An economic system is a socially established institution that coordinates human activities in order to produce, distribute and consume goods and services. Goods comprise the commodities that are extracted from the earth and processed such as food, clothing and natural gas among others. Services comprise activities performed for others that result in the tangible products such as transportation, medical care and education among others. Therefore, three ongoing revolutions have shaped the global economic system. These revolutions include agricultural, industrial and information revolutions. These revolutions contain institutions that make them up, are constantly evolving, and will continue to evolve.

Europe Vs US Economic Situation Essay Samples

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Universality of human rights was introduced in the twentieth century following the declaration of Human Rights by the UN on the basis that the standards and principles of human rights have a universal nature. Its emergence came at a time that the world placed high expectations for the establishment that would propel the law and exercise control. Hence, the foundations of this declaration are on the protection of human rights be the universal rule of law.

Good Essay About Error

Visual argument.

Visual arguments are the quintessential form of conversing with the general masses with the claims, evidences and the assumptions and thus engage the people seeing the visual to the utmost degree. This picture in context was taken by a photographer named Kevin Carter and it depicts a child and a vulture in the land of Sudan. The photograph was taken as a document of the colossal calamity in the nation during a famine which left the world shocked by the extent of brutality of the nature and fate.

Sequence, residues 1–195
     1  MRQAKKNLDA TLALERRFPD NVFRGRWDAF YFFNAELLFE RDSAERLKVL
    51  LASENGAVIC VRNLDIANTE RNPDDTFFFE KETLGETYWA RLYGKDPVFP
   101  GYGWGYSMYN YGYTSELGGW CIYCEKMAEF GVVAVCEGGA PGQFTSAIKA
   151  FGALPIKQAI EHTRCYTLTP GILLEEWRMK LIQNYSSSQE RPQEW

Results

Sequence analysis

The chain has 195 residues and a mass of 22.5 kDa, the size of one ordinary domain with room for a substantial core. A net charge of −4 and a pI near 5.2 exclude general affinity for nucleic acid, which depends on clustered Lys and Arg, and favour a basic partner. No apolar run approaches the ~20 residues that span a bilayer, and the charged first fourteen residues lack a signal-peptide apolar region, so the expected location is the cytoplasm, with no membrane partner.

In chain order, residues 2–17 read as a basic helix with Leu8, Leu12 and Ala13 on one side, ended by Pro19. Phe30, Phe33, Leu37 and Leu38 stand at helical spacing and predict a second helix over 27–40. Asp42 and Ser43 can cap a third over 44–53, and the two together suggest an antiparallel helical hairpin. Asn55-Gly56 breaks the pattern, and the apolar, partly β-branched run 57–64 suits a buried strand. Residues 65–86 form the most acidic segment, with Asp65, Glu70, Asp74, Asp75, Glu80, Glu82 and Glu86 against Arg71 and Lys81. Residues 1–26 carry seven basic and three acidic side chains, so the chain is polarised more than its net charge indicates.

Financial Analysis Essay Samples

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- Financial Analysis is one of the most important concepts come under the ambit of finance (Eisen, p.12). The applicability and effectiveness of financial analysis could not be derailed from any aspect. John, who just completed his finance course, should take the course of business analysis after completing his course in Finance. Financial Analysis would certainly add value in his educational portfolio, if he really wishes to make his career in the capital markets. Financial analysis would enable John to assess the financial competitiveness of the companies and analyze the investment procedure effectively.

Good Example Of Adam Smith Essay

The article provides us with a profound insight of the Adam Smith’s philosophy. Moreover, it depicts Smith in a new light, which was unknown to most of the people, even those interested in economic theory and philosophy. Amartya Sen, in his article “Adam Smith and the contemporary world” asserts that usually people underestimate Smith’s influence on the economic theory and society as a whole. To prove the point, the author provides scores of relevant examples, quoting different passages from various works.